Roma children are European children like everyone else. We have a responsibility to protect them without discrimination nor double standards, and Member States should find holistic solutions to address statelessness of Roma children, in particular tackling the challenges of the lack of identity documents. Roma children struggle to prove their entitlement to a nationality despite the fact that in some cases they have lived in the same place for generations. All EU Member States should put in place effective safeguards to identify stateless people to stop the legal limbo that is still affecting many Roma children across Europe in accordance with the existing International law so that they have access to health care, education and later on employment etc.

I welcome the results of the #RomaBelong research on the Western Balkans and Ukraine by ENS, European Roma Rights Centre and the Institute on Statelessness and Inclusion.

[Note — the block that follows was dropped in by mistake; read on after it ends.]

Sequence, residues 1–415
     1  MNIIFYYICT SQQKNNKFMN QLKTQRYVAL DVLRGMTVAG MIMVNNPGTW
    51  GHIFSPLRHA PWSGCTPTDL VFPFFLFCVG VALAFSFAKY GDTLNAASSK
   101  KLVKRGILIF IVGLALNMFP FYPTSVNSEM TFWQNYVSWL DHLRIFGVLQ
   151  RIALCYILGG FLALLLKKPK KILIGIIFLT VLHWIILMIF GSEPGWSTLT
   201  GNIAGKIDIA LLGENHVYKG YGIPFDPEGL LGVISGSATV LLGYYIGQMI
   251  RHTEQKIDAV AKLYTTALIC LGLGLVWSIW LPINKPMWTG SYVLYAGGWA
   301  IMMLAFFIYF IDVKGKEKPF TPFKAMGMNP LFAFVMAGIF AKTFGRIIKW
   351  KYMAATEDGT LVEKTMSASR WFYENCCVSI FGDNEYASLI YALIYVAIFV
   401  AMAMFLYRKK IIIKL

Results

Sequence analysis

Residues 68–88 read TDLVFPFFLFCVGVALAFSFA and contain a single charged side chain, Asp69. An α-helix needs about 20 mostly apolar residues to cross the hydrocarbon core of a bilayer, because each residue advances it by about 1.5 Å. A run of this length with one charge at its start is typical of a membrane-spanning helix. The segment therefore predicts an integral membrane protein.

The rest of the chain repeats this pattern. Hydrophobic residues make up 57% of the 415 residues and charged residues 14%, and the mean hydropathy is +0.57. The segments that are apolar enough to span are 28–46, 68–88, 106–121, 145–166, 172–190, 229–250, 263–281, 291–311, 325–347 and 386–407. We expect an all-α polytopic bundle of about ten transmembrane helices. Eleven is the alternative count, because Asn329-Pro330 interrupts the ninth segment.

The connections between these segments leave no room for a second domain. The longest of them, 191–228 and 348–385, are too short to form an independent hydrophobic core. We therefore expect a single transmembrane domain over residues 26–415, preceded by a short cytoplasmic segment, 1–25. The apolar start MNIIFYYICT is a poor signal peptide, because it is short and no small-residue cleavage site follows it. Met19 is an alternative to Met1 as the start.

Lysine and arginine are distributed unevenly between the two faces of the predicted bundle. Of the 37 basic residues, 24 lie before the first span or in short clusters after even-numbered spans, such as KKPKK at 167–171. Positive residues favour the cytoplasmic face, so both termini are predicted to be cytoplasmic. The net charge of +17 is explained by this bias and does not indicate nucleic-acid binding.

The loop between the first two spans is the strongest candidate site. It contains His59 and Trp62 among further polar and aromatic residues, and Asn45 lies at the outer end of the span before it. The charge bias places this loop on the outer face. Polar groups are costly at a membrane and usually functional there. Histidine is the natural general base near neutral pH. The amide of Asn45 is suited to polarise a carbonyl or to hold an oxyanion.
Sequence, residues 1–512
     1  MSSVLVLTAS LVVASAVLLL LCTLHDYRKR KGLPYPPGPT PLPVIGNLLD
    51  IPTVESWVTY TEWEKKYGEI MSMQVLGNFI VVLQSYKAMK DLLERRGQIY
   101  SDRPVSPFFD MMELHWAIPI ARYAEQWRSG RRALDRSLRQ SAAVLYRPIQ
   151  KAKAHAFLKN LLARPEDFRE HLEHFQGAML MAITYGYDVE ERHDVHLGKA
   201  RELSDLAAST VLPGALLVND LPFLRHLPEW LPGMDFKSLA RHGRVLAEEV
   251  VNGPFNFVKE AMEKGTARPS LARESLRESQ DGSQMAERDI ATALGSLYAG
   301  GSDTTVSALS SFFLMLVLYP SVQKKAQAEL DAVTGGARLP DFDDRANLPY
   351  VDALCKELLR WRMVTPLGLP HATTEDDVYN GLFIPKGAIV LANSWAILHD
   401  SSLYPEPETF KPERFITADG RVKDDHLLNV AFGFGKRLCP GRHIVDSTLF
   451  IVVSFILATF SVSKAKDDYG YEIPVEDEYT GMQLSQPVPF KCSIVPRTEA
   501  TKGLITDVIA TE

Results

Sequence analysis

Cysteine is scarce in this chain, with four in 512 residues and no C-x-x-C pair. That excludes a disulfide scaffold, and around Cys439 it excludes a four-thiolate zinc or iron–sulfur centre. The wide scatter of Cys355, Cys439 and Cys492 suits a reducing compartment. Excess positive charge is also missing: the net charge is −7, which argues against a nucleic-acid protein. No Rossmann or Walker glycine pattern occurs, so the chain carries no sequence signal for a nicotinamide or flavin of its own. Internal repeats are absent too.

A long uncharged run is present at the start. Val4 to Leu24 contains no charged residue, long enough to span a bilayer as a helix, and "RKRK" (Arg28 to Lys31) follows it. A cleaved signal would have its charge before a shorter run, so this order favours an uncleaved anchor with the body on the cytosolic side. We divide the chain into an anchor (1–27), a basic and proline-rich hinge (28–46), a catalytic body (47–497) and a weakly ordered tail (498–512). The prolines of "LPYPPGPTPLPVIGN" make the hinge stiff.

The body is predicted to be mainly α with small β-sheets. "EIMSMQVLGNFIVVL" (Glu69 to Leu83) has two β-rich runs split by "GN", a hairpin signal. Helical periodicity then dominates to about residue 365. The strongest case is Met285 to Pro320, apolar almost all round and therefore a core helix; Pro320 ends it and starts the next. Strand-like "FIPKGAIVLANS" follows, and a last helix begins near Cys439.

The EU Enlargement process is a unique opportunity for the EU Institutions to ensure that discrimination against Roma and statelessness is comprehensively addressed as a matter of priority. Candidate countries should take steps such as allowing children to acquire the nationality of the country in which they were born if they would otherwise be stateless and ensure universal birth registration to prevent statelessness.

With everything that has happened in global politics in 2017, what do you think are some of the biggest challenges ahead for those working on children's rights and what keeps you positive?